Disturbing images of starving lions prompts online campaign to save them

An online campaign to rescue five starving African lions at a park in the Sudan capital at the Khartoum’s Al-Qureshi Park escalated after a report that one of the lions died on Monday.

According to a post on Facebook by local resident Osman Salih, last Saturday, he was shocked by the presence of the starving and emaciated animals. They had not been fed nor given any veterinary care for weeks. The photos of the starving lions quickly went viral.

“…  we would like to inform you that we have contacted the park administration and it indicated to us that the wildlife police are responsible for these animals and their care and Its cleanliness and they were constantly preparing the meat, but they stopped for a while and held the wildlife police directly responsible for the deterioration of the lions condition, and stated that entering the garden for a month is not enough to feed one lion for a week.”

Salih started an online campaign called #SudanAnimalRescue. Salih had reservations against accepting monetary donations, and asked people interested in helping to bring meat directly to the lions. Since his initial plea, one female lion has died, but medical treatment and food have been coming in.

Park officials said the animals have deteriorated over the past few weeks; some losing almost two-thirds of their body weight. Essamelddine Hajjar, a manager at the Al-Qureshi park, said staff have spent their own money to feed the animals when no funds are available.  The park is managed by Khartoum municipality but also funded in part by private donors. Sudan is in the midst of a severe economic crisis.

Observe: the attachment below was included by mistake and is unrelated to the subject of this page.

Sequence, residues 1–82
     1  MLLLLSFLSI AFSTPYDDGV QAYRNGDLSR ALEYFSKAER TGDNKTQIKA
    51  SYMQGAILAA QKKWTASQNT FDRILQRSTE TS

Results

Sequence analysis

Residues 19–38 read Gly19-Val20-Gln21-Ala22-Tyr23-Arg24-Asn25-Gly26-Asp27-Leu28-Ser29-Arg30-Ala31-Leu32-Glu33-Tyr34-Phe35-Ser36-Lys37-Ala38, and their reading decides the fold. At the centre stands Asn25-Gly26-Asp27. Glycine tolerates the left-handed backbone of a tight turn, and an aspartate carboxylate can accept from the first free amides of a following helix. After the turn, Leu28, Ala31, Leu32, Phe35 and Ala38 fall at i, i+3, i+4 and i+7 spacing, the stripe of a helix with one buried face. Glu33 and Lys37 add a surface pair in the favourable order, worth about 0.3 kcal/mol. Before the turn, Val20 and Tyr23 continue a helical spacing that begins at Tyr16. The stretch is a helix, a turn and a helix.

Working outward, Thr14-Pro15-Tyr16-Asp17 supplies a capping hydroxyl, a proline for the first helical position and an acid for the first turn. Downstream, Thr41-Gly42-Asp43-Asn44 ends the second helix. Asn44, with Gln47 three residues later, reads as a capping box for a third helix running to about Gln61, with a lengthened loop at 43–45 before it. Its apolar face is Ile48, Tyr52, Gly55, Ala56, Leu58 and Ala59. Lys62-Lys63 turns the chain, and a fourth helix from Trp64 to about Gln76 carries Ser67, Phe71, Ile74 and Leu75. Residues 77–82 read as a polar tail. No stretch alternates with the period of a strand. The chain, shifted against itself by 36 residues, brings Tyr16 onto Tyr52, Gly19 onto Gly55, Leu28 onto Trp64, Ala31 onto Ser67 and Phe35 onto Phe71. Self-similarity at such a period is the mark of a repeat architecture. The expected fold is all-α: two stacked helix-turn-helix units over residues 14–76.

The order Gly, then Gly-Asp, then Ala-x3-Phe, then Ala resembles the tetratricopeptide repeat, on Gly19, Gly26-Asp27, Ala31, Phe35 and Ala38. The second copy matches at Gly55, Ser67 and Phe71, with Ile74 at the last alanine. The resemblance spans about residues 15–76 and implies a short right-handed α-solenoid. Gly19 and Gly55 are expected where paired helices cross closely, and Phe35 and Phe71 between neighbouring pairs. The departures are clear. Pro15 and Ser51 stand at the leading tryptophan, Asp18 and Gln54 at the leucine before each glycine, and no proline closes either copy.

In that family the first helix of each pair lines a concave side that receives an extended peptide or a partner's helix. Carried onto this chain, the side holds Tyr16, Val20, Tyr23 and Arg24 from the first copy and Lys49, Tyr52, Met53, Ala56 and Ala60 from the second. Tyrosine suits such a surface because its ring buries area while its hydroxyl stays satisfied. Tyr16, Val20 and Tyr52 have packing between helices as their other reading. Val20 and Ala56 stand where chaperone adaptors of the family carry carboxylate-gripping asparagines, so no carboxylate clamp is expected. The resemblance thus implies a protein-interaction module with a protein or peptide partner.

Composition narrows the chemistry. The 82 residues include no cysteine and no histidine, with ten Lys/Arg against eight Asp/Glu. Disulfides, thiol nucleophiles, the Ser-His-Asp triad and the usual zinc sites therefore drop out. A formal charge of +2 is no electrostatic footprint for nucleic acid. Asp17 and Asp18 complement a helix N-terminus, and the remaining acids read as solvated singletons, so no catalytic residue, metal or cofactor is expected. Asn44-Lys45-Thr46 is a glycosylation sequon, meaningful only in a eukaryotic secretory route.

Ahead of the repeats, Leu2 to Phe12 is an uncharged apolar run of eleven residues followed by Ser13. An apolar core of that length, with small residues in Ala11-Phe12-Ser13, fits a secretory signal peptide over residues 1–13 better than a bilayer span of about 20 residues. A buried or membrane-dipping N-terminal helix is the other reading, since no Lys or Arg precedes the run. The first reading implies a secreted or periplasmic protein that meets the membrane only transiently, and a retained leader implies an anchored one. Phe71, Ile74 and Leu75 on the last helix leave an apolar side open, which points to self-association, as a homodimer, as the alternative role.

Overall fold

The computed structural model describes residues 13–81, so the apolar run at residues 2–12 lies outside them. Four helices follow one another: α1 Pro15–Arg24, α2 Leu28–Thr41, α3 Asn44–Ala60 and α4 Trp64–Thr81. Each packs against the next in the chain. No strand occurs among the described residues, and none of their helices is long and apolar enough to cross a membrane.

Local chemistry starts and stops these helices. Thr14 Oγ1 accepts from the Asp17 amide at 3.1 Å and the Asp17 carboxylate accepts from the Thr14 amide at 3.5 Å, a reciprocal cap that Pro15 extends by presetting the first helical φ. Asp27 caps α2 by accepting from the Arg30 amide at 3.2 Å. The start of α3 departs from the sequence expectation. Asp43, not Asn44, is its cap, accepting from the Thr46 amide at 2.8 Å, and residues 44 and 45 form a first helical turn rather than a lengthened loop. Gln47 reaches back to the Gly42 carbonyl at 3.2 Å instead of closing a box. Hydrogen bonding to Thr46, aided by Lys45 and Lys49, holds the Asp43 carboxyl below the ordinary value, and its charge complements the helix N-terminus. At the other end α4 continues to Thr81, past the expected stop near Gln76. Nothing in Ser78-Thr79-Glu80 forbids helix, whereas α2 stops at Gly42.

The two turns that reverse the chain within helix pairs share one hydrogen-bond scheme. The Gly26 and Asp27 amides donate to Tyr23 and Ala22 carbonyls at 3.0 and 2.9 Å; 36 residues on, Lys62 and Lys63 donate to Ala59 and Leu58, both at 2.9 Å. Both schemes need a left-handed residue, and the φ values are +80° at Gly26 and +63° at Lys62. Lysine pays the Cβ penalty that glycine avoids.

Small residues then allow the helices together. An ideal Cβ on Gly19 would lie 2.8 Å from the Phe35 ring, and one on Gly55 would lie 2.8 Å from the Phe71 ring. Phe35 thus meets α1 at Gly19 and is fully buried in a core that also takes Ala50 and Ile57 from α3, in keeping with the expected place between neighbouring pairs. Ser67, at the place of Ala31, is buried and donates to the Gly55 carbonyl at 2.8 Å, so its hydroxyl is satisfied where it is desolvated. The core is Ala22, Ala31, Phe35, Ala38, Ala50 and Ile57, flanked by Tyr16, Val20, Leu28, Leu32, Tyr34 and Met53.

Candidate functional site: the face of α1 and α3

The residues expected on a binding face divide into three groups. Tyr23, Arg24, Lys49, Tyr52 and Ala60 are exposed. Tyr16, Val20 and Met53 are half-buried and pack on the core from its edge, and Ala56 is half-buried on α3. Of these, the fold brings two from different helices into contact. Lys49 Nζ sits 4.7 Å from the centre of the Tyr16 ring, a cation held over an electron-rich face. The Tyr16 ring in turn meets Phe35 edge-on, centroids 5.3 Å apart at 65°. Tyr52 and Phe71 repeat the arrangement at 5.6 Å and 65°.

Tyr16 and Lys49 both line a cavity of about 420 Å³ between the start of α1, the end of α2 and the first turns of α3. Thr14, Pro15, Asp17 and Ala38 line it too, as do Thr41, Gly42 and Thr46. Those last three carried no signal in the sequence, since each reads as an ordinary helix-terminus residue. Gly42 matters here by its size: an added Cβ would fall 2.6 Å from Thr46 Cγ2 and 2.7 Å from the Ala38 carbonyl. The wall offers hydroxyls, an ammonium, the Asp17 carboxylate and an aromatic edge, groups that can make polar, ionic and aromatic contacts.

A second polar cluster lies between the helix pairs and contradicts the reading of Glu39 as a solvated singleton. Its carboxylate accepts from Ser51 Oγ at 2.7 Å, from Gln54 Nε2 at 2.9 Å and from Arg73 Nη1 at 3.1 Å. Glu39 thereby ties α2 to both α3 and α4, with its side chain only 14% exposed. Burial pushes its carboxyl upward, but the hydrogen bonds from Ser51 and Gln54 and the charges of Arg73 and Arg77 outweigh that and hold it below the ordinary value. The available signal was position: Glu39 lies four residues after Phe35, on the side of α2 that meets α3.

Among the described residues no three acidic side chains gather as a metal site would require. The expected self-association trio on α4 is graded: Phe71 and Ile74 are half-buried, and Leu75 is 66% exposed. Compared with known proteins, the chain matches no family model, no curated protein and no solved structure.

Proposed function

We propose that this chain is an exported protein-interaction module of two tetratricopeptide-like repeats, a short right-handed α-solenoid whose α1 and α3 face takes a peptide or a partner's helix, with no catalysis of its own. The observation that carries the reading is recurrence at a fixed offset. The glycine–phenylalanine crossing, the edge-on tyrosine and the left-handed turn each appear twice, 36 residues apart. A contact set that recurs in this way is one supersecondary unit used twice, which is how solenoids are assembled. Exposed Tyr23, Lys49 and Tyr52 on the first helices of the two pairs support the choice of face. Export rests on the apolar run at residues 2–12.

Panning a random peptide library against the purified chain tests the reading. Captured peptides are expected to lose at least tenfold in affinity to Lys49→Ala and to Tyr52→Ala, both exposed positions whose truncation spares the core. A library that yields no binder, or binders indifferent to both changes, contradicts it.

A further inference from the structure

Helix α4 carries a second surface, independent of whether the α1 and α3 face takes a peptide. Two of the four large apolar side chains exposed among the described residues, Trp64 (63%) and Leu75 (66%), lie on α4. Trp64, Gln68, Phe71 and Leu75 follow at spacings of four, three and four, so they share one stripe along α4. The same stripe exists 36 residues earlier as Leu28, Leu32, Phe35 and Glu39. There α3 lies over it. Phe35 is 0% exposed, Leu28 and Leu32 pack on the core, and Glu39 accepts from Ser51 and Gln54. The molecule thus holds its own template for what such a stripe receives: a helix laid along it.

“We have consulted a number of veterinarians and wildlife specialists on the topic of treatment, which requires effort and follow-up to the health conditions of lions, and there is an estimated group of young people inside and outside the country who have the desire to provide assistance. The invitation is open to all who are interested in wildlife and all who believe that the animal has the right to provide us with the necessary assistance.

God willing, tomorrow we will meet with the director of the park and the director of wildlife to arrange treatment for lions and arrange food for them.”

According to the New York Times, the Four Paws organization, with headquarters in Vienna, stated they were “closely monitoring” the situation and had been seeking approval from the national authorities to send in veterinarians and wildlife experts.

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